Posted in History, Middle Grade, Non-fiction, Tween Reads, Uncategorized

Big nonfiction roundup!

I have been curating a pile of nonfiction over the last several weeks, ready to do a back to school post, but all these other great books started coming out, too… so, before this pile crushes me, let’s do this!

North America: A Fold-Out History, by Sarah Albee/Illlustrated by William Exley, (Oct. 2019, What on Earth Books), $19.99, ISBN: 978-1999967925

Ages 8-14

That What on Earth Books fold-out are so much fun! This time, we’ve got a fold-out graphic timeline of Canada, the United States, Mexico, and the Caribbean islands, going from 11,000 BCE to 2017. It’s fully illustrated and offers a wealth of history on early indigenous peoples, including the Olmecs, Maya, Taino, and Aztec. European invasions are covered – first the Vikings; later, Columbus and the conquistadors – and American history covers much of the book’s second half. History is captured with dates and a brief blurb about standout moments, and callout boxes call attention to larger happenings, like the spreading out of humans across the land, and how European conflicts played out in North America. Back matter includes facts; glossary; source notes, and an index.

Not one for circulation – it’ll sustain damage quickly – but it’s a good reference tool and darn fun to have at home. My little guy loves these books.

Source: Bounce Marketing UK

 

Migration: Incredible Animal Journeys, by Mike Unwin/Illustrated by Jenni Desmond, (Aug. 2019, Bloomsbury USA), $18.99, ISBN: 9781547600977

Ages 9-13

Originally published in the UK, Migration profiles 20 different migrating animals, including the humpback whale; emperor penguin; ruby-throated hummingbird; blue wildebeest, and green turtle. Each spread contains acrylic, watercolor, ink, pencil and crayon illustrations of these animals, captured in the progress of their journeys. Some artwork gives an incredible breadth of scale, like the spread dedicated to the Christmas Island red crabs, which form a “river of crabs” as they march to the sea. Others, like the humpback whale, are a more personal journey shared between a mother and her calf. Each spread provides a migration story, which reads like an I Survived novel: crossing rivers; digging through snow for food; flying for miles to reach their destination; marching across an icy landscape. Each spread also offers a quick animal fact. Back matter includes a migration map and notes on making the world safer for migrating animals.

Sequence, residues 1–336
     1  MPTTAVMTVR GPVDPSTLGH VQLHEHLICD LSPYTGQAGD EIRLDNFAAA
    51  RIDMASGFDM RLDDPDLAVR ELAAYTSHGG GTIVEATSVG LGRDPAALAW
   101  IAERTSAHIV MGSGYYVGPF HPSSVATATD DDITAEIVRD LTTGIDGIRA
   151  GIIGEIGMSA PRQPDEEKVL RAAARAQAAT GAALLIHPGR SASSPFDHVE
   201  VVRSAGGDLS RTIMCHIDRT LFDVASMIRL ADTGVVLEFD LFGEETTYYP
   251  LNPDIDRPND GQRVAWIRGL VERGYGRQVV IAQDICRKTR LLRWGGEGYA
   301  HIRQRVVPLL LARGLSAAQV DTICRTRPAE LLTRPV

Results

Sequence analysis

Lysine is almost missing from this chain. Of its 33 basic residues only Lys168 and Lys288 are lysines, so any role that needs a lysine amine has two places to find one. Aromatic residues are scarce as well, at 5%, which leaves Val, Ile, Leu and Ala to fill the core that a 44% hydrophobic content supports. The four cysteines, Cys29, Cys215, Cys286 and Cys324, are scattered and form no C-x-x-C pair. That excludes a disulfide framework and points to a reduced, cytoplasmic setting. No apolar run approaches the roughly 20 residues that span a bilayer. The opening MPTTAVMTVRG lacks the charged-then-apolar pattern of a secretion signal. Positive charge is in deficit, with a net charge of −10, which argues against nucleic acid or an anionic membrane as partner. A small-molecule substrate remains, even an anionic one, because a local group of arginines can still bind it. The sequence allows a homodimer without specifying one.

Animals of all shapes and sizes make epic journeys across our planet, through harsh weather, avoiding hungry predators, in their efforts to survive. Travel around the globe with some of the world’s most incredible animals and discover their unique migration stories. A nice addition to your nonfiction collections, especially if your books on migration are spare.

Mike Unwin is a UK Travel Writer of the Year, and Jenni Desmond is a winner of the New York Times Best Illustrated Children’s Book, The Polar Bear. Migration: Incredible Animal Journeys has a starred review from Publisher’s Weekly.